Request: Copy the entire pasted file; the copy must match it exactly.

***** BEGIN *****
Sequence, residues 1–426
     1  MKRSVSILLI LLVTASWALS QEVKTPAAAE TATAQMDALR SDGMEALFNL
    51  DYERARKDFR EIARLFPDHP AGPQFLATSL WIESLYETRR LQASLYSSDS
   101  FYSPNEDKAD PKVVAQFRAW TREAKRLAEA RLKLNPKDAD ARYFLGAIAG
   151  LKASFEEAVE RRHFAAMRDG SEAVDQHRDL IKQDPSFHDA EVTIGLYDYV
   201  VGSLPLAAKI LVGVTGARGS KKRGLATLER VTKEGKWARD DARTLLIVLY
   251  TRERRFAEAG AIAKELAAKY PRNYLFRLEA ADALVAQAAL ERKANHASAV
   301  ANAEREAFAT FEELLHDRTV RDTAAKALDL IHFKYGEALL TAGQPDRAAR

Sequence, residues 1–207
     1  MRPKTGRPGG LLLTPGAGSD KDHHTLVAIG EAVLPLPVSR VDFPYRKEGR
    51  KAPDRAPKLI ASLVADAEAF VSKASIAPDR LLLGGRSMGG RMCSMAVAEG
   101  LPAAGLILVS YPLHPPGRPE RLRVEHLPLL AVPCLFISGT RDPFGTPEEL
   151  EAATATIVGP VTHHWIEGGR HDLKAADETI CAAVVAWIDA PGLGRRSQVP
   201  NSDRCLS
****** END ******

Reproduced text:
Sequence, residues 1–426
     1  MKRSVSILLI LLVTASWALS QEVKTPAAAE TATAQMDALR SDGMEALFNL
    51  DYERARKDFR EIARLFPDHP AGPQFLATSL WIESLYETRR LQASLYSSDS
   101  FYSPNEDKAD PKVVAQFRAW TREAKRLAEA RLKLNPKDAD ARYFLGAIAG
   151  LKASFEEAVE RRHFAAMRDG SEAVDQHRDL IKQDPSFHDA EVTIGLYDYV
   201  VGSLPLAAKI LVGVTGARGS KKRGLATLER VTKEGKWARD DARTLLIVLY
   251  TRERRFAEAG AIAKELAAKY PRNYLFRLEA ADALVAQAAL ERKANHASAV
   301  ANAEREAFAT FEELLHDRTV RDTAAKALDL IHFKYGEALL TAGQPDRAAR

Sequence, residues 1–207
     1  MRPKTGRPGG LLLTPGAGSD KDHHTLVAIG EAVLPLPVSR VDFPYRKEGR
    51  KAPDRAPKLI ASLVADAEAF VSKASIAPDR LLLGGRSMGG RMCSMAVAEG
   101  LPAAGLILVS YPLHPPGRPE RLRVEHLPLL AVPCLFISGT RDPFGTPEEL
   151  EAATATIVGP VTHHWIEGGR HDLKAADETI CAAVVAWIDA PGLGRRSQVP
   201  NSDRCLS